The first six months of 2003 were among the most tumultuous in Falkirk FC's history. Brian Marjoribanks recalls the Bairns emotional farewell to Brockville.
THE FIRST half of 2003 was arguably the most incredible six months in the history of Falkirk Football Club. But not always for the right reasons.
January began with Falkirk, who were technically relegated the previous season but saved by Airdrie's financial capitulation, on top of the first division thanks to some fantasy football under new boss Ian McCall.
Transfer speculation abounded over young stars Mark Kerr, Collin Samuel and Lee Miller but it was midfielder Stevie Tosh who left, joining Aberdeen for a 30,000 fee. After signing on at Pittodrie, Tosh caused anger among the home support by claiming Falkirk would not be promoted if they won the league. Loudmouth or lucid? Time would tell.
January 25, 2003, was a Burns Night to remember as Hearts were roasted by red-hot Collin Samuel in one of the best-ever games at Brockville – made sweeter by the fact it was the final season for the old ground. Owen Coyle scored the fourth as the Edinburgh side were given a 4-0 mauling.
But Falkirk were victims of their own success. For within a week, boss Ian McCall stunned the town by jumping ship to take the helm at SPL strugglers Dundee United. McCall had preached loyalty to the Bairns cause only recently but in football money talks and McCall walked – thanks to an annual salary of 300,000, payable, no doubt, in pieces of silver.
Veterans Owen Coyle and John Yogi Hughes took over the Brockville hot-seat as joint player-managers in February. Their first match in charge ended in a 1-1 draw with rivals St Johnstone and the side the pair inherited edged closer to the title.
With Westfield still in the planning stages and footballs due to be replaced by wrecking balls down Brockville way at the end of the season, Falkirk needed to find a 10,000-seater solution to the SPL's ludicrous top flight entry conundrum. It seemed Airdrie was once again to the rescue as the Bairns announced home games the following season would be played at the Diamonds' Excelsior Stadium – if promotion was granted.
The SPL were due to decide in March if Falkirk would be allowed promotion but ominously postpone the matter to see who won the championship. Another blow came when Falkirk held Dundee 1-1 at Brockville in the Scottish Cup only to crash out 4-1 in the Dens Park replay.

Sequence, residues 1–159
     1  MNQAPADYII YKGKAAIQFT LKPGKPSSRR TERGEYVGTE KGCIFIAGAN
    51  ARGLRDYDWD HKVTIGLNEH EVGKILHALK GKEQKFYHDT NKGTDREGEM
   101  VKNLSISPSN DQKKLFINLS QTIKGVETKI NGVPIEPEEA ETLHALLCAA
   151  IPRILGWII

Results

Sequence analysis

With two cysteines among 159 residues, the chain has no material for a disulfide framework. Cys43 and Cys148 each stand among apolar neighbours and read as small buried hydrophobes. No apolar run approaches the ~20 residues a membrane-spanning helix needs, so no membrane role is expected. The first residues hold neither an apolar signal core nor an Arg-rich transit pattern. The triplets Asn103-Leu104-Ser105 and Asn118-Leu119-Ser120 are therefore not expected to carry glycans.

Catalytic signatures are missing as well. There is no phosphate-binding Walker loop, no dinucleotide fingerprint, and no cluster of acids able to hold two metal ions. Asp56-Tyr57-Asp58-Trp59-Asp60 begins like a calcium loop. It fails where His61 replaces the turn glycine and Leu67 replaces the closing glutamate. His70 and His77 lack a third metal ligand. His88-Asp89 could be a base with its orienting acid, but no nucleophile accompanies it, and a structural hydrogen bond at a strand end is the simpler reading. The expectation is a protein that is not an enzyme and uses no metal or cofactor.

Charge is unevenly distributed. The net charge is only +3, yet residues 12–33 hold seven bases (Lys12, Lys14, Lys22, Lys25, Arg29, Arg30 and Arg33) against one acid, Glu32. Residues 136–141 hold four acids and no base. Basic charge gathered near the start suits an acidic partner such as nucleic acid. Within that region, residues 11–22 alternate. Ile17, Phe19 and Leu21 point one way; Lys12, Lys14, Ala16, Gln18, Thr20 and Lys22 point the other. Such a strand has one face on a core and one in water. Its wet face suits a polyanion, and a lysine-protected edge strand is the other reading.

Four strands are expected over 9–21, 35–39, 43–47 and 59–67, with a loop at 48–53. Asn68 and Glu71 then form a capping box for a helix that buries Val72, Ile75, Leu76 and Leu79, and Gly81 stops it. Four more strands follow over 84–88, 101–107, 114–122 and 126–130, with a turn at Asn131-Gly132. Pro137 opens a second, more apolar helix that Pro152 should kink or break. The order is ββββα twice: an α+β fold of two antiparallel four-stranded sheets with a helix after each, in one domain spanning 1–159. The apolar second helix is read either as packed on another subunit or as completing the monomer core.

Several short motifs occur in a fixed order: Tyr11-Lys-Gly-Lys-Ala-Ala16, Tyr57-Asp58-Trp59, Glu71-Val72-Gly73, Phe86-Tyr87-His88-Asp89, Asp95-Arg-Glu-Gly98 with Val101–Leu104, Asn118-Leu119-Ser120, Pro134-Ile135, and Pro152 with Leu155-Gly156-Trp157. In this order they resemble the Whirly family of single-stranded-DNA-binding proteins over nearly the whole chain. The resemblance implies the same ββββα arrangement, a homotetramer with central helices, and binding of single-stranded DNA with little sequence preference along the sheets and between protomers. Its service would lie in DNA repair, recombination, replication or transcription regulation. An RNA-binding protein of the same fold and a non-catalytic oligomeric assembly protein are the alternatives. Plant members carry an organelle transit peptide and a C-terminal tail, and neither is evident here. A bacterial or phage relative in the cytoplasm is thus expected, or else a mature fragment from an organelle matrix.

But, unbeaten in the league at home, the Bairns continued to rack up the points until D-Day came along at McDiarmid Park in April. The Bairns were not found wanting.
Recent recruit Stuart Taylor and John Henry combined to sink St Johnstone – Taylor's strike flying into the Saints net via Henry's knee to extinguish the Perth side's flickering championship hopes. The finishing line was in sight.
A week later, Bairns fans rose to acclaim new legends as a packed Brockville witnessed Owen Coyle fire a hat-trick to fuel Falkirk's leap over the line – beating Arbroath 4-1 to clinch the first division title. CHAMPIONS!
Their appetite for success growing, thousands of fans signed up to back The Falkirk Herald's Justice for Bairns campaign, urging the SPL troglodytes to allow Falkirk to take their rightful dining place at Scottish football's top table.
The vultures again were reputed to be swooping around the team's top performers. Their efforts had certainly not gone un-noticed with Lee Miller nominated for SPFA Young Player of the Year and Mark Kerr short-listed for First Division Player of the Year – the midfielder also clinching the coveted Falkirk Herald Starshot trophy.
There was more good news as work finally began at the new Westfield stadium in May…and in preparation for the end of season flit, a memorial service was held for all those deceased who had their ashes scattered at Brockville over the years. With impeccable timing, a ghostly figure was spotted and snapped on the wall of a house looking over the park.
The final whistle blew on Falkirk's time at Brockville. But only after the northern raiders of Inverness Caledonian Thistle invaded Fortress Brockville to smash Falkirk's unbeaten home record and grab a 3-2 win in the last ever game down Hope Street way.
It served as a timely reminder that with Falkirk, disappointment is never far away.
Sure enough, at the end of May, the news finally arrived. In a frankly farcical announcement, the SPL deny Falkirk promotion when five top-flight chairmen say their bid to share with Airdrie DOES meet all the rules and requirements … but seven others say it DOESN'T. An appeal with the SFA is immediately launched and discussions begin to share Ochilview next season with neighbouring Stenhousemuir.
Meanwhile, as Falkirk waited to learn their fate, the club failed in an audacious bid to sign former Celtic and Scotland star John Collins. Influential midfielder Stuart Taylor then moves to Partick Thistle and long serving full-back Jamie McQuilken follows Tosh to Aberdeen in a 60,000 deal.
With promotion dreams in tatters, the bulldozers finally flatten Brockville in June – but only after an auction to sell off the most coveted pieces to diehard fans. Light relief comes with the news that Brockville will be Brockvillas – thanks to an American company buying wood from the main stand to make luxury ski chalet in Colorado.
There was good news when Alex Totten confirmed he will stay on with Falkirk as director of football. But the first half of 2003 ends in complete devastation when the SFA appeal fails in the final week of June, consigning Falkirk to the first division for another season at least. Stevie Tosh had the last laugh!